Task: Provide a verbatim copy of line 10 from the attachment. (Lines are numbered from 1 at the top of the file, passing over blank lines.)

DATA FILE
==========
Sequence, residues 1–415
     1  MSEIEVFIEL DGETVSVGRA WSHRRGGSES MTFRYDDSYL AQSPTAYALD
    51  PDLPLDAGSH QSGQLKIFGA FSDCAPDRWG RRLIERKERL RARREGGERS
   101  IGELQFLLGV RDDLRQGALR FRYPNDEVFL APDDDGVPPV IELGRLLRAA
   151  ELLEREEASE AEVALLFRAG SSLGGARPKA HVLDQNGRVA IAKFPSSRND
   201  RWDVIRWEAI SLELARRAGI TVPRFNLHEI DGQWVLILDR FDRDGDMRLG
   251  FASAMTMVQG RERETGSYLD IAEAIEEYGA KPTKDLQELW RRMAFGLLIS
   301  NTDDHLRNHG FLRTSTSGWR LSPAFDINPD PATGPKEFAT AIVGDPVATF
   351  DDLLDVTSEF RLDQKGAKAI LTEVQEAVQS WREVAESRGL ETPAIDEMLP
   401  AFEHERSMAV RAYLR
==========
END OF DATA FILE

   401  AFEHERSMAV RAYLR